First-time political candidates may throw their hats in the ring with great enthusiasm, but they often need some help when it comes to navigating a run for office.
Glenn Ray, a leadership communication consultant from Little Hocking, volunteers his time to help Democratic candidates for city and county office hone their message and learn from each other's experiences. Recently, he was recognized with the inaugural Art Fordham Every Vote Counts award by the Washington County Democratic Party for his efforts.
The award is named in honor of the late Art Fordham, who served 19 years on Marietta City Council and encouraged and mentored many candidates. He often told the story of how his father, Delbert Fordham, encountered a man on Election Night who said he wasn't going to vote. The elder Fordham convinced him to go cast his ballot and wound up winning his own race for a city council 4th ward seat by one vote.
Ray first worked on a political campaign when John Kerry was the Democratic nominee for president in 2004, and soon moved into local politics, working with former state Rep. Jennifer Garrison on her first campaign in 2006.
Question: How long have you been interested in politics?
Answer: Well, I would say since John F. Kennedy when I was 7. ... My dad had to always watch the president whenever he spoke. We had one TV and three channels, so we watched it. And Kennedy was a very vibrant, sharp-witted, humorous person.
Residence: Little Hocking.
Family: Wife, Carol Morgenstern; daughter, Betsy Yates; son, Elijah Ray; two grandchildren.
Occupation: Leadership communication consultant.
Volunteer activity: Works with Democratic candidates to develop their message and facilitates sessions with candidates working together.
Q: What kind of work do you do with local candidates?
A: We talk about what are the voters' needs, what are the issues, what are all the issues that need to be addressed. So we kind of identify those and prioritize those and start identifying our positions on them. ... And we practice and get feedback from the whole group. It's never just me. ... Most of the local candidates are there, whether they're opposed or not, and that's where the real strength of the process is. I've never been a candidate. .... Basically what I do is facilitate it, create the agendas, keep the process moving, make sure they get as much as they can from everybody in that room.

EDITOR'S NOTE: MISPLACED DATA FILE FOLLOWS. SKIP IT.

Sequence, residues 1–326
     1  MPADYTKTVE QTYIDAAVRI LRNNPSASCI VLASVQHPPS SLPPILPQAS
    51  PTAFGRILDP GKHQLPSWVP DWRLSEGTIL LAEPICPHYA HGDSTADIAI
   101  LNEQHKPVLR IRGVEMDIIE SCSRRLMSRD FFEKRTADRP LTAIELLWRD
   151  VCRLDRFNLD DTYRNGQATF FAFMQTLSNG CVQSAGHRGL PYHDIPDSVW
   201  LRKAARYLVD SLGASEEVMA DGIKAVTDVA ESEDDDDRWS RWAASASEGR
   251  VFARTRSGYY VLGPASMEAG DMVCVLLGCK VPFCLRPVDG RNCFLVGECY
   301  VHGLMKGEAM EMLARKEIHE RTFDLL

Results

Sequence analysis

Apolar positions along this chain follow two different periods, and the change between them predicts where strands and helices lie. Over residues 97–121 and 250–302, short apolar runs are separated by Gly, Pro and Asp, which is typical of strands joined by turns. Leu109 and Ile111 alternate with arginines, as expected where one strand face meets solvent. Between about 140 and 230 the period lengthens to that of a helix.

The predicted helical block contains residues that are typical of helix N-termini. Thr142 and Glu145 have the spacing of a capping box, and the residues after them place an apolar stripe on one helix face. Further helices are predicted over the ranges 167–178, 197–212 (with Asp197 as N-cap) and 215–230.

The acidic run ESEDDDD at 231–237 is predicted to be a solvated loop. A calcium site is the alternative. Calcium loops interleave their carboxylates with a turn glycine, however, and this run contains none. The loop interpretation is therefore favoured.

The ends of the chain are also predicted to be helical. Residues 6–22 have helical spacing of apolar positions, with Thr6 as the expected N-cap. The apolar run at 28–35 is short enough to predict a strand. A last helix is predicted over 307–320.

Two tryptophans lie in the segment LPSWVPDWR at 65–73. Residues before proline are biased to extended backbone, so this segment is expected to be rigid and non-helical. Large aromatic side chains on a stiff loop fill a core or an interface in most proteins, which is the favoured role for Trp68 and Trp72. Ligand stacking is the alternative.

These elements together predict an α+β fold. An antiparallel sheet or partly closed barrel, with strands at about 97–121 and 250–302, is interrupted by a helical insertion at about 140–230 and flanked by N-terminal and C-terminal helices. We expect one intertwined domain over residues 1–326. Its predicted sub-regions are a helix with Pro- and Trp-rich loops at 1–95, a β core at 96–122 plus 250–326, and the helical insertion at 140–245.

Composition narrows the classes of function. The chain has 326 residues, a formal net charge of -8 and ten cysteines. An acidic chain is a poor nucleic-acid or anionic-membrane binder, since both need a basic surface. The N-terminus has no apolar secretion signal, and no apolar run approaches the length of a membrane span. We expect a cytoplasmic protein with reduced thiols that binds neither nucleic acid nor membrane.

Q: How often do you do these workshops?
A: I'm not always there, but there are meetings that take place most every week.
Q: Why is doing this work important to you?
A: It's really a huge undertaking to run for office, especially countywide. It's a big, broad county. I think it's important to give people who are like-minded as much assistance as possible to be successful. But it's truly up to the candidates. ... Running for office is a communication process, just like doing a project in the workforce. It involves identifying ... the things that need to be done, the steps in doing the things and then a tracking mechanism (to determine) if these things are getting done.
Q: Have you ever considered running for office yourself?
A: No, not really. My business is about all I can do to keep it going.
Q: What does it mean to you to receive an award named in honor of Mr. Fordham?
A: It is a huge, huge honor. Art was one of the most intelligent, caring, efficient, effective - he was just a wonderful guy. I was on a number of projects with Art. ... I always knew if Art was involved that it was going to be done right. Just a wonderful guy, one of my favorites. ... It was one of the biggest honors of my life to have an award with his name on it. ... There are a lot of good people in the parties, in both parties. But Art was a shining star.
Evan Bevins conducted this interview.